For federal and state lawmakers who have an unending procession of meeting requests, committee hearings, markups, fundraisers, and other demands on their schedules, time is perhaps the most valuable finite resource. For these reasons, what legislators choose to focus on is just as important as their policy preferences and positions.
Given the scarcity of time had by government officials, lawmakers’ recent focus, both at the state and federal levels, on a group of chemicals, has struck many as misplaced and unnecessarily costly while others feel quite the opposite. Per- and Polyfluoroalkyl substances, widely referred to by the acronym PFAS, are “a group of manufactured chemicals that have been used in industry and consumer products since the 1940s because of their useful properties,” explains the Environmental Protection Agency (EPA), which points out that there “are thousands of different PFAS, some of which have been more widely used and studied than others.”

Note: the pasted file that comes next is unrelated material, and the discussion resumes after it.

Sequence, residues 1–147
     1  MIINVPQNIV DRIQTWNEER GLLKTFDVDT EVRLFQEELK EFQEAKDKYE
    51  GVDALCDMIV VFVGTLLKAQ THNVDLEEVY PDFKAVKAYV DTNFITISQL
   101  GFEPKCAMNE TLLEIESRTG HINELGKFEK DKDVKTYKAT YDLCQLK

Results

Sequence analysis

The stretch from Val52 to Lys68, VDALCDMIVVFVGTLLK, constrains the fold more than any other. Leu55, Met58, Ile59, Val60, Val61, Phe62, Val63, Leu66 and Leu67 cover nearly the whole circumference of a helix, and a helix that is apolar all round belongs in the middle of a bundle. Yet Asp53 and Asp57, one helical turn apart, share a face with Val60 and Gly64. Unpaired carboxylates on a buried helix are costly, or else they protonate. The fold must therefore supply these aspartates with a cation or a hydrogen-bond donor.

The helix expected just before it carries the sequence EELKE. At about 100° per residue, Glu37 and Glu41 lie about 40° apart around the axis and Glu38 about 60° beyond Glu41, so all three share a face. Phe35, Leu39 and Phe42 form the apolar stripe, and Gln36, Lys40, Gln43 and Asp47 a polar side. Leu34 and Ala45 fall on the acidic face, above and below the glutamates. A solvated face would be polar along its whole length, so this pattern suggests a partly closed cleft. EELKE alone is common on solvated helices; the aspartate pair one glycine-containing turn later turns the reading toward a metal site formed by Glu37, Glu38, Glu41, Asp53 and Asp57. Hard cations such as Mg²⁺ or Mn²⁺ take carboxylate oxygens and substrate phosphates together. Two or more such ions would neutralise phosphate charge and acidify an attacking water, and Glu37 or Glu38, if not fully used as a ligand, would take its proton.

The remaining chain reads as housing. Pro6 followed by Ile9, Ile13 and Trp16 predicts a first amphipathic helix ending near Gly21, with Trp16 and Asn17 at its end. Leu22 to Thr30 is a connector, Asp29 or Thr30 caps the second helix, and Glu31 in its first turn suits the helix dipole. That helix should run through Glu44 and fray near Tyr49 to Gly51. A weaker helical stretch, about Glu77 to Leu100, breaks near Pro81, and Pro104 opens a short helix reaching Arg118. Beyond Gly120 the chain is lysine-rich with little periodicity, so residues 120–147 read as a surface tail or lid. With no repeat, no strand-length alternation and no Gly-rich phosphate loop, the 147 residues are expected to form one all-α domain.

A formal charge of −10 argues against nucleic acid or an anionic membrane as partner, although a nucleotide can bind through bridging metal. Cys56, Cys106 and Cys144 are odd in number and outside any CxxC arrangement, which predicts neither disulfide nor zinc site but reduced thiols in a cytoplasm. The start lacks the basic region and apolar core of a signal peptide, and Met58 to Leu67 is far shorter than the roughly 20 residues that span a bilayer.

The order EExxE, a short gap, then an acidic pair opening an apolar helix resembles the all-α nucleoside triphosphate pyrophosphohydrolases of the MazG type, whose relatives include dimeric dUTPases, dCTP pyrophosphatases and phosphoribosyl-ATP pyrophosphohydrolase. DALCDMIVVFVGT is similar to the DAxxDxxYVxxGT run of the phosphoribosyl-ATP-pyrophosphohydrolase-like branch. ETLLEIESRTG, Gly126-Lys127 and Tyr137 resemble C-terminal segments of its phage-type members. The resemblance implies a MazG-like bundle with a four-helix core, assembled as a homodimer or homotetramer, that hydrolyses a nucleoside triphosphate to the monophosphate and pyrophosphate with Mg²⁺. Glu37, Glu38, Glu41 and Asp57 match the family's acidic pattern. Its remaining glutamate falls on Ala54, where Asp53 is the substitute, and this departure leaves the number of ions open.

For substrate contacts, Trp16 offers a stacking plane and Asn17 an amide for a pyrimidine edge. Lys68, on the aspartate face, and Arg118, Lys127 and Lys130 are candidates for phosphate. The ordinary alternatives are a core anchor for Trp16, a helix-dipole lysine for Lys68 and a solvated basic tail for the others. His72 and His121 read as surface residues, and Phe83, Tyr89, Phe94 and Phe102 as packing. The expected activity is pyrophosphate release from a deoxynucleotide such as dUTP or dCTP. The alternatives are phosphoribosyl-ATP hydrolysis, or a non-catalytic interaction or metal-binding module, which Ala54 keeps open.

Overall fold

The desire to regulate, and possibly prohibit, the use of PFAS chemicals is primarily based on concerns over water contamination. Yet the EPA does not list PFAS among the main threats to water quality. According to the CDC, “human health effects from exposure to low environmental levels of PFAS are uncertain.” Additionally, recent reports show that bodies of water contain only trace amounts of PFAS and have been declining. State and federal legislators are moving forward with new regulations and even total bans on certain PFAS chemicals despite the uncertainty surrounding potential health threats posed by PFAS chemicals, or even an agreement as to which chemical compounds fall under the PFAS umbrella.
Forbes, 14 February 2022